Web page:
Holding For The Farrier
Finishing Line Press (2007)
Like a finely wrought atlas, Holding for the Farrier describes many exotic and ordinary regions we might visit, as well as the circuitous paths we are often forced to travel in order to get from one place to another. From one exhibit to the next in a crowded museum. From childhood to adulthood. From the position of disconnected bystander in the lives of friends and loved ones, to that of an engaged participant willing to share in their troubles as well as their joys. Her poems reveal the essential alchemy involved in putting one foot in front of another, in taking each irrevocable first step toward the future, despite any apprehensions we may have that sorrow awaits us there. Only a god can see the way forward and the way back all at once. Happiness might, after all, lie just beyond that next shadowed archway. . .
What we may first notice about Kathy Davis’s poetry is a display of range and erudition that is almost dizzying. The poet is in sure command of her material, and her subjects are drawn from both high culture and low, from the Regency England of painter George Stubbs to the Opryland Nashville of Minnie Pearl. But what most counts in her writing is something that runs deeper than sensibility and constitutes the sort of highly individualized reckoning with our troublesome world which we look for in enduring poetry. These are wry, ironical and sometimes ferocious poems, and Holding for the Farrier is a memorable debut.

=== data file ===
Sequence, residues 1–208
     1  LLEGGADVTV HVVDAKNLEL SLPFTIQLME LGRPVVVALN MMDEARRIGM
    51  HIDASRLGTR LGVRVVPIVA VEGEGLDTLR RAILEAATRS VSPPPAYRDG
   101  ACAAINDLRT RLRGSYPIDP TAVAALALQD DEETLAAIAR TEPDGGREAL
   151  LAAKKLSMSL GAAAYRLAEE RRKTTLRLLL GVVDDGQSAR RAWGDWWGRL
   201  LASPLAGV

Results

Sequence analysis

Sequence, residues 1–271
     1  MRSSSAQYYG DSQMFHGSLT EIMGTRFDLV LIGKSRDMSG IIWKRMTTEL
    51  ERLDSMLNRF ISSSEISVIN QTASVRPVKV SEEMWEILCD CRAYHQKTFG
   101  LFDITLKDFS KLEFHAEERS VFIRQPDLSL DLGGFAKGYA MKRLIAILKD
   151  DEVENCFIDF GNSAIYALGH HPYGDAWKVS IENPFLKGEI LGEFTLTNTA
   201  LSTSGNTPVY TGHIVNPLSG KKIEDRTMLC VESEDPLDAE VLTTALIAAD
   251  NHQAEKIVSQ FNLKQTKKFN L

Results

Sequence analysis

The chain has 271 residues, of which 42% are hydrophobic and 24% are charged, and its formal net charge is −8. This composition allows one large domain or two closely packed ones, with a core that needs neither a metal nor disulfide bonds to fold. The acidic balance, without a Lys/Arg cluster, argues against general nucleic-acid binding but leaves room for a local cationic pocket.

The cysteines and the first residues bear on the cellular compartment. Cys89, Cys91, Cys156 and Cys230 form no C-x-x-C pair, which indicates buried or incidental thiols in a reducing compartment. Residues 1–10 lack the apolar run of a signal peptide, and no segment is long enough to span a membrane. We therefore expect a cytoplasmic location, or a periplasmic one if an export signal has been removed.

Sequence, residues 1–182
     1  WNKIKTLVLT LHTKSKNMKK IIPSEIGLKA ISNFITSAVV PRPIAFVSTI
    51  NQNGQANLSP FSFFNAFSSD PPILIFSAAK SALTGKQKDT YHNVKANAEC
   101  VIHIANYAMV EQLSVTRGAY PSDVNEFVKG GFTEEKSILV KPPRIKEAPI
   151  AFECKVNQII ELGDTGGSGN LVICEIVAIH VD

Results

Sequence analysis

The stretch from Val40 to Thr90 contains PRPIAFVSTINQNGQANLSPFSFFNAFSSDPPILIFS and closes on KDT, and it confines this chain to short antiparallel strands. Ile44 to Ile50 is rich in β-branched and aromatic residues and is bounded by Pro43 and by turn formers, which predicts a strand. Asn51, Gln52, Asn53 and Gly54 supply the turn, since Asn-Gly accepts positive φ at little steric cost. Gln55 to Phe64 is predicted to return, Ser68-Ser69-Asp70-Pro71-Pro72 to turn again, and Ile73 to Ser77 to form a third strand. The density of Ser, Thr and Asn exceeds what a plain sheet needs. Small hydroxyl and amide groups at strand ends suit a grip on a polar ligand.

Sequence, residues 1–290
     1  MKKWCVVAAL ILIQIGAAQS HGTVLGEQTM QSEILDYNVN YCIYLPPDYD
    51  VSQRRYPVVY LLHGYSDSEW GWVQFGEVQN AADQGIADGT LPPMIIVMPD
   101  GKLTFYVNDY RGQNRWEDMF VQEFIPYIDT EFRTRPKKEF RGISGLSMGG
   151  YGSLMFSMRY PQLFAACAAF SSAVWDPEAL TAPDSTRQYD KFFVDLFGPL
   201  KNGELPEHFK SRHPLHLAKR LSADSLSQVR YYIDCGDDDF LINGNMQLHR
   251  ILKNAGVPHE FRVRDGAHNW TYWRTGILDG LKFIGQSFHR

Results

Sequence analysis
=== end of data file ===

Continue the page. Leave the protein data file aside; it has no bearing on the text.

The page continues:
—David Wojahn, Author Of Interrogation Palace: New And Selected Poems 1982-2004
I’ve admired Kathy Davis’s poems for many years. I love her image-thick lines and the way they depict one scene and then bump into another, as if by accident. We make the connection, as we do with the Parthenon and Minnie Pearl’s hat, or as in “Ars Poetica,” the taxidermist creating a fox from road kill, a son making up a mother from fragments, a poet making a poem.
—Elizabeth Seydel Morgan, Author Of Without A Philosophy
An unflinching gaze and a gift for language whose precision is the elegance sought by science, a passionate sensuality refined by an intelligence whose untiring urge is to question—these qualities of mind have created a body of poetry which develops so swiftly and fully that you cannot easily extricate yourself from the engagement it demands. “What does the body know?” These poems by Kathy Davis offer a secret and necessary knowledge of the flesh, a compelling journey seeking the animating spirit, and an abundance of revelation along the unpredictable way which leads towards insights that are both comfort and calamity.
—Gregory Donovan, Author Of Calling His Children Home